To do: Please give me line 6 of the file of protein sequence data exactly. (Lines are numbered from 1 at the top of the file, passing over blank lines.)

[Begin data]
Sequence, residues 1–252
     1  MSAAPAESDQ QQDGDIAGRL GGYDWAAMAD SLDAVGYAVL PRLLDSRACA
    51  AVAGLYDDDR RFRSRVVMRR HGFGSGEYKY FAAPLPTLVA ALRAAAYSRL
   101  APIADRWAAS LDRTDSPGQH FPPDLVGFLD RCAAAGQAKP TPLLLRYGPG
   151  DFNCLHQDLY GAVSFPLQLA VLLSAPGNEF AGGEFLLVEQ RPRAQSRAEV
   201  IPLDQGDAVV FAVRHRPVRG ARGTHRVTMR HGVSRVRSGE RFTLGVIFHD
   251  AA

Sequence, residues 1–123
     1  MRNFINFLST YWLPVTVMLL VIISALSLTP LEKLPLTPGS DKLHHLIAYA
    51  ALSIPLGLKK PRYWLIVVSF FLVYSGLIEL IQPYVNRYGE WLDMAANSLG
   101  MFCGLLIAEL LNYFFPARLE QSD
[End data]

   201  IPLDQGDAVV FAVRHRPVRG ARGTHRVTMR HGVSRVRSGE RFTLGVIFHD